30 March 2020 (closed)
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Non-bank corporations in Indonesia that hold external (foreign-denominated) debt will be forced to hedge their foreign exchange holdings against the Indonesian rupiah with a ratio of 20 percent in the period 1 January 2015 to 31 December 2015 in an effort to limit risks stemming from increased private sector external debt. At end-August 2014, privately-held foreign debt stood at USD $156.2 billion (53.8 percent of the country’s total external debt), increasing three-fold from end-2005 and thus jeopardizing macroeconomic stability.
A recent analysis of Indonesia’s central bank (Bank Indonesia) signals that the country’s private external debt is vulnerable to several risks i.e. currency risks, liquidity risks and overleverage risks.
The currency risk is caused by private external debt being used by domestic-oriented companies to generate rupiah-denominated profit. However, the companies’ external debt needs to be repaid in a foreign currency making the companies vulnerably to currency fluctuations and volatility.
Liquidity risk is growing amid a lack of hedging instruments in the country’s non-bank corporate sector. This risk has also been growing as the value and share of short-term private external debt is increasing.
A growing debt-to-income ratio signals an increase in overleverage risk.
Governor of Indonesia’s central bank (Bank Indonesia), Agus Martowardojo, said that the new policy is particularly needed ahead of looming higher US interest rate. With the US Federal Reserve’s bond-buying program having been wound down completely it is only a matter of time before the Fed raises its key interest rate (expected in the second quarter of 2015). This will then trigger capital outflows from emerging economies including Indonesia thus placing depreciating pressures on the rupiah exchange rate, making it more difficult for companies to repay foreign-denominated debt.
Starting from 1 January 2015, Bank Indonesia forces Indonesian non-bank corporations (that hold external debt) to meet three requirements (trade debt, however, is exempted from these requirements):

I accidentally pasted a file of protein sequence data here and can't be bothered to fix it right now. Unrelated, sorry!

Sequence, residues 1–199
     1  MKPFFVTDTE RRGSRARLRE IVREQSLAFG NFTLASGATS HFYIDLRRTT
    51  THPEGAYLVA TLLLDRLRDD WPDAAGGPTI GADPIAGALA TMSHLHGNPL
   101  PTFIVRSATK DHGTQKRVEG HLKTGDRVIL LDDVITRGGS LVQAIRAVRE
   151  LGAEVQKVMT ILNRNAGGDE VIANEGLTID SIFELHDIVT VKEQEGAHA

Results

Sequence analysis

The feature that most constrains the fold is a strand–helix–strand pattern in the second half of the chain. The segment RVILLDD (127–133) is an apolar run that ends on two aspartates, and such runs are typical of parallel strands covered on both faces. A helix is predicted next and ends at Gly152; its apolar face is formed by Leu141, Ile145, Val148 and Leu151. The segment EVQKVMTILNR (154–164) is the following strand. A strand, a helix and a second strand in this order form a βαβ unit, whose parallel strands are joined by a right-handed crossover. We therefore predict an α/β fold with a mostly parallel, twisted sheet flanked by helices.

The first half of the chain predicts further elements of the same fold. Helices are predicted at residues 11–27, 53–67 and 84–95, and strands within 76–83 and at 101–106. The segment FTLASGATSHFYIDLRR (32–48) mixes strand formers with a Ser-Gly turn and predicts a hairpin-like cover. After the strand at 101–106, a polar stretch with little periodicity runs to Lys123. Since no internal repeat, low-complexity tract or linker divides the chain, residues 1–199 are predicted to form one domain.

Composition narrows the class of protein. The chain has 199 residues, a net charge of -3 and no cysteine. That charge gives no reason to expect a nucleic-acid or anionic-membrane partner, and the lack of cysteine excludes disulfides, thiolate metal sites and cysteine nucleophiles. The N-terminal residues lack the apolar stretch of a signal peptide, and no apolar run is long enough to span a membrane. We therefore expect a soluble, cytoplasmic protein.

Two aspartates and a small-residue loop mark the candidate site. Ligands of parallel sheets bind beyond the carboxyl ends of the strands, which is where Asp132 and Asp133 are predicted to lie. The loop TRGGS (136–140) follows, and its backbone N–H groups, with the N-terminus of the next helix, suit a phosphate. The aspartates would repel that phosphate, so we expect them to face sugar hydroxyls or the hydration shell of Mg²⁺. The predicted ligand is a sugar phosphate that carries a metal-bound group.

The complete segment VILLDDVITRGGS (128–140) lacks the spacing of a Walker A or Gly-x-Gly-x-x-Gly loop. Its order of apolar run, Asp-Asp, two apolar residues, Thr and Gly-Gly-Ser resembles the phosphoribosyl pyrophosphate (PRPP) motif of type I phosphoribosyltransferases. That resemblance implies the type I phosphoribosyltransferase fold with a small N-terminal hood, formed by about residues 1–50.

1. a minimum hedging ratio of 20 percent for the period 1 January 2015 to 31 December 2015. The ratio increases to 25 percent from 1 January 2016. Bank Indonesia notes: “The ratio shall be applicable to the negative balance between foreign currency assets and foreign currency liabilities with a maturity period of up to three months and those that shall mature between three and six months.”
2. a minimum forex liquidity ratio; Indonesian non-bank corporations (that hold external debt) will be required to provide foreign currency assets totaling at least 50 percent of the value of foreign currency liabilities with a maturity period of up to three months in the period 1 January 2015 to 31 December 2015. From 1 January 2016, the liquidity ratio increases to 70 percent.
3. a minimum credit rating; Indonesian non-bank corporations (holding external debt) are required to have a credit rating of at least BB (or equivalent), issued by an authorized Rating Agency. “This requirement shall be effective for external debt signed or issued after 1 January 2016, but not applicable to refinancing or bilateral/multilateral external debt used to finance infrastructure projects.”
Bank Indonesia will also tighten rules regarding the reporting of foreign exchange (debt) flows.
• Indonesian external private sector debt has risen rapidly over the past decade jeopardizing the country’s macroeconomic stability
• Bank Indonesia orders non-bank corporations that hold external debt to hedge foreign exchange holdings against the Indonesian rupiah